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Daily News Roundup: Tuesday, 15th March 2022

Posted: 15th March 2022


Britain the bank scam capital of the world

The UK has been ranked as the global epicentre for bank scams, losing an estimated £2.5bn in fraud and cybercrime during 2021. With this in mind, HSBC has outlined as number of scams that have been flagged during the first three months of 2022. One centres on the crisis in Ukraine, with fraudsters posing as Ukrainians needing funds to flee the conflict and organisations helping refugees. Other scams involve WhatsApp messages claiming to be family members needing money; software designed to gain remote access to devices; payment scams urging people to move money to safe accounts due to a security issue; and fraud linked to the end of the tax year that seeks to acquire account details by flagging a possible tax rebate.

Small business lending falls

Figures from banking body UK Finance shows borrowing by small businesses fell significantly last year. Small firms took on £22.6bn in debt 2021, with this 64% down on the year before. Analysis shows that in Q2 2021, small firms took on £5.2bn in debt, compared to £34.5bn in Q2 2020. The report says Government implemented loan-schemes rolled out amid the pandemic incentivised banks to channel funds into the private sector, boosting overall loan demand among businesses during the pandemic.

Lenders worry Moscow will stage reprisal attack on Swift

The FT reports that a number of large banks fear Swift could become a target of cyber-attacks after seven Russian lenders were ejected from the global payments messaging system.


HSBC to offload Greek retail bank

HSBC is to sell off its Greek retail bank as it as it doubles down on its Asia operations, which is the lenders largest market. The deal with local lender Pacreta Bank forms part of a wider five-year restructuring plan at HSBC. All 320 employees from across HSBC's five branches will be transferred to Pacreta, avoiding any job losses as a result.

Former Wirecard chief executive charged with fraud

Markus Braun, former CEO of Wirecard, has been formally charged with fraud, breach of trust and accounting manipulation after a 21-month criminal investigation into the collapse of the German payments group.

Goldman accused of breaching coal pledge with Peabody deal

Goldman Sachs is facing criticism over a $150m loan to the world’s biggest private sector coal producer Peabody Energy, after the bank's 2019 pledge to curb fossil fuel financing.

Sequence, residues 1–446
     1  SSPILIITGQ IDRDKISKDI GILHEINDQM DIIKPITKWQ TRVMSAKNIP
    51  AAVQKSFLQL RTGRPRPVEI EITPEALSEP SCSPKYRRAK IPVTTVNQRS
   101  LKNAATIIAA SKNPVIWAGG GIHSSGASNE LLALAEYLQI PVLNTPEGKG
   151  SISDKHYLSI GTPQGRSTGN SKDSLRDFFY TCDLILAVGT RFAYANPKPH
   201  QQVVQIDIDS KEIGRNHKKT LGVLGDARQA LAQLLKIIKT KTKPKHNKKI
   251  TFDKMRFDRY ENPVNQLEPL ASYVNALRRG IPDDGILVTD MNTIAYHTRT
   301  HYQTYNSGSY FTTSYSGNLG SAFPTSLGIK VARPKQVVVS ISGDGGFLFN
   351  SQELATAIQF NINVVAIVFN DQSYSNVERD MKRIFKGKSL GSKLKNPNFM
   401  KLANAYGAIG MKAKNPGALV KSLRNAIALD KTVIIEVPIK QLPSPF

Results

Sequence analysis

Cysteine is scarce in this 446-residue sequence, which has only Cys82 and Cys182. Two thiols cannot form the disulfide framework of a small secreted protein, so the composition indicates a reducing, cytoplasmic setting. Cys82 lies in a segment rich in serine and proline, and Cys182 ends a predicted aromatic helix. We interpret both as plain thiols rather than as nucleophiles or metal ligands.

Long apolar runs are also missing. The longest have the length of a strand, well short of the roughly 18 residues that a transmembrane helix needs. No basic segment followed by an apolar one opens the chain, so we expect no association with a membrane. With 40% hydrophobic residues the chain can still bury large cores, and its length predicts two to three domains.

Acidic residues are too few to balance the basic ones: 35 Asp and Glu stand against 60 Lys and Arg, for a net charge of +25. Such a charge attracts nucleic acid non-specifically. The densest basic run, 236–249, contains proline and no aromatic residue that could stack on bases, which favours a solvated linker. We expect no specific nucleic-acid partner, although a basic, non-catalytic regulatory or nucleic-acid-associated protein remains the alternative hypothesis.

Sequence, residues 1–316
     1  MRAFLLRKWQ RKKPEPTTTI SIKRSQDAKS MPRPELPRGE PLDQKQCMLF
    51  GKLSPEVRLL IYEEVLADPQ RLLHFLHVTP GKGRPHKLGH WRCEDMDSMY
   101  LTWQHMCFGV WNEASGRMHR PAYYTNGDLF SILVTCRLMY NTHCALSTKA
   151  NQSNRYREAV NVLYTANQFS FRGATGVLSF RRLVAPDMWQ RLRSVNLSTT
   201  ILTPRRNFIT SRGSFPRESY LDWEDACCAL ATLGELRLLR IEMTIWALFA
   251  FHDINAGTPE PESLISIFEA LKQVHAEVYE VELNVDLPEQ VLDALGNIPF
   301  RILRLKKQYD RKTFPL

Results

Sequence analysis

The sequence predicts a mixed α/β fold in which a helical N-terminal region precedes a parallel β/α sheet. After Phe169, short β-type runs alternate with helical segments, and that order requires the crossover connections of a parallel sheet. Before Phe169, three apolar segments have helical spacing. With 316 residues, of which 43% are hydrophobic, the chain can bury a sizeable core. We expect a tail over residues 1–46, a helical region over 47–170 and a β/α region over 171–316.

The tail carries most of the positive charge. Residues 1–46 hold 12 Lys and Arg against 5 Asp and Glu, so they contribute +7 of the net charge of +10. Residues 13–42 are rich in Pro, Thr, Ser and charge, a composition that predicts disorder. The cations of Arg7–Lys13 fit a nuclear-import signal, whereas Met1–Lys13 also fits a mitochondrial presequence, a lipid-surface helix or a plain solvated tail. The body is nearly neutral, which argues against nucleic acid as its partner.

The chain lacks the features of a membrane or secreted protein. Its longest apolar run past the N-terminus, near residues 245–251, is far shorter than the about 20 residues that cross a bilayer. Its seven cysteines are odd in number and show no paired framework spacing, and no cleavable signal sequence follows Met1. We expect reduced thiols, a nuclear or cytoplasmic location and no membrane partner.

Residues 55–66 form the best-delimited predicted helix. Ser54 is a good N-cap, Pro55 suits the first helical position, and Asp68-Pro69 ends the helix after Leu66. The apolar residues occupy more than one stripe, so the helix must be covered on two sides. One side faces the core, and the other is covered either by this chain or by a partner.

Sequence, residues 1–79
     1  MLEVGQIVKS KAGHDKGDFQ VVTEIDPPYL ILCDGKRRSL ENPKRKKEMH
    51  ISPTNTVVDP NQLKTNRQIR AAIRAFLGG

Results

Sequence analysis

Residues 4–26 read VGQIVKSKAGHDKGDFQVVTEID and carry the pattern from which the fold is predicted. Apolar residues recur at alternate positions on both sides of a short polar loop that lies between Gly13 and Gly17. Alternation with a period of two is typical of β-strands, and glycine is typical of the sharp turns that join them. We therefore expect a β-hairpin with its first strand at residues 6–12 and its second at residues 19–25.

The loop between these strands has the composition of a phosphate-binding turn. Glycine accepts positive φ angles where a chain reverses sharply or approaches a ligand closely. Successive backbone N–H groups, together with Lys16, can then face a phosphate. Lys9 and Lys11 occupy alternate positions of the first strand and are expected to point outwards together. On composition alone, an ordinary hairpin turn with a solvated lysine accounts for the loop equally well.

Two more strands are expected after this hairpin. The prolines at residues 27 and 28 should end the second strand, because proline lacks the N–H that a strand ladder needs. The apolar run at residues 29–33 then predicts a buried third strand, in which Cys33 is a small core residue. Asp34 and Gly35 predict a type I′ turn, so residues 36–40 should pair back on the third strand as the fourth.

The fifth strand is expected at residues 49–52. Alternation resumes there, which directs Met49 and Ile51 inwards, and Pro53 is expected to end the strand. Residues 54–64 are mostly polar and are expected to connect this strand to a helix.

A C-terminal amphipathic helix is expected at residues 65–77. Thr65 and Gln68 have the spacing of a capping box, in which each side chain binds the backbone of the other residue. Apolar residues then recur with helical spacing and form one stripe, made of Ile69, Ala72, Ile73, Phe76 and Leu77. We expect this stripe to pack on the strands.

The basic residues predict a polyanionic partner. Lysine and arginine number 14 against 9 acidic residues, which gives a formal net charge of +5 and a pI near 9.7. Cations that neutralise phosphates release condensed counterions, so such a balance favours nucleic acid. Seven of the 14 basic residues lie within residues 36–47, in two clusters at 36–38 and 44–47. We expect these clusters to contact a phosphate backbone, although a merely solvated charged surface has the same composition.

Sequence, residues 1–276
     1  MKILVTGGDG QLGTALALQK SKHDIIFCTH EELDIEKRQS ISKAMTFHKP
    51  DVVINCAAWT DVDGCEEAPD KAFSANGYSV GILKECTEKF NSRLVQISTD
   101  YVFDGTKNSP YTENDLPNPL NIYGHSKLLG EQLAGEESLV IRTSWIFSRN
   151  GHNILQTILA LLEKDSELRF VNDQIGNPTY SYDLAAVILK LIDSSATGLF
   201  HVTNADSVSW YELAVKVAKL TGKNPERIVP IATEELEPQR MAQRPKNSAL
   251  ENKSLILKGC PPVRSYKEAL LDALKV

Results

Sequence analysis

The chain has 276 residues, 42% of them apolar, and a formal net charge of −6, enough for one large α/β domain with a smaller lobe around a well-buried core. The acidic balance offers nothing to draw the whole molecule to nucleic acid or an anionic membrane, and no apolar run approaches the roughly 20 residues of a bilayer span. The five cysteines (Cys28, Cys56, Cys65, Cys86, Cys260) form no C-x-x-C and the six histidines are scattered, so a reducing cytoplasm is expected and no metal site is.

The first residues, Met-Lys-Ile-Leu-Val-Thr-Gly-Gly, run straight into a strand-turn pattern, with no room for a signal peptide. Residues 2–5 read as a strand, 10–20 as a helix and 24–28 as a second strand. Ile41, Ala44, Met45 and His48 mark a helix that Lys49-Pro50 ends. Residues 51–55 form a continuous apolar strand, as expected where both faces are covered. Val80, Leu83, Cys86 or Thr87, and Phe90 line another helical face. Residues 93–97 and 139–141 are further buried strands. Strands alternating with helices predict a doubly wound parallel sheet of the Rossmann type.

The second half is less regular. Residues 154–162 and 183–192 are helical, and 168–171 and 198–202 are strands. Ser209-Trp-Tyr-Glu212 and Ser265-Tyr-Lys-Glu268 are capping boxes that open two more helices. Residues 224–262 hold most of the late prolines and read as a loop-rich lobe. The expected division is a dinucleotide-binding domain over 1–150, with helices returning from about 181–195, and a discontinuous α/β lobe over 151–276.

US banks shun last Russian stock still trading in Hong Kong

The FT reports that US banks are shunning trading in shares of Russian aluminium producer Rusal, despite it not being on international sanctions lists,


Cryptocurrency scams double in a year

The number of alleged cryptocurrency scams reported to the Financial Conduct Authority (FCA) more than doubled last year. The City watchdog received 6,372 alerts about suspected crypto fraud last year, up from 3,143 the year before. Since January 2021, all British crypto asset firms must be registered with the FCA under regulations to tackle money laundering, with it a criminal offence to operate without a registration. The FCA wants the Government to include financial advertising in the upcoming Online Safety Bill to help to prevent scams by forcing social media sites and search engines to take greater responsibility for those who use their platforms to advertise. The regulator has flagged several concerns about crypto-based investments, including issues related to price volatility, product complexity, high charges and fees and misleading marketing.

Bumper year for start-up backers

Investors in UK start-ups saw a bumper year of exits, with total value hitting a record £26.7bn last year. There were 781 exits from UK high-growth firms last year, over five times the number seen in 2020, according to a report from Triple Point Ventures and research firm Beauhurst. Of the 781 exits, 732 came via acquisitions while 49 floated on public markets as IPOs surged, rising 308% on the previous year. Dealmaking globally hit record levels in 2021 with 3,791 across mergers and acquisitions in the UK alone, the largest number on record, according to separate data.

Phoenix Group announces record £1.5bn intake for financial year

Insurer Phoenix Group has announced record cash generation of more than £1.7bn in 2021. The firm surpassed its target range of £1.5bn to £1.6bn in the last 12 months, with organic growth from its “open” business more than offsetting the natural run-off of its “heritage” business.

FCA to engage with ReAssure over complaints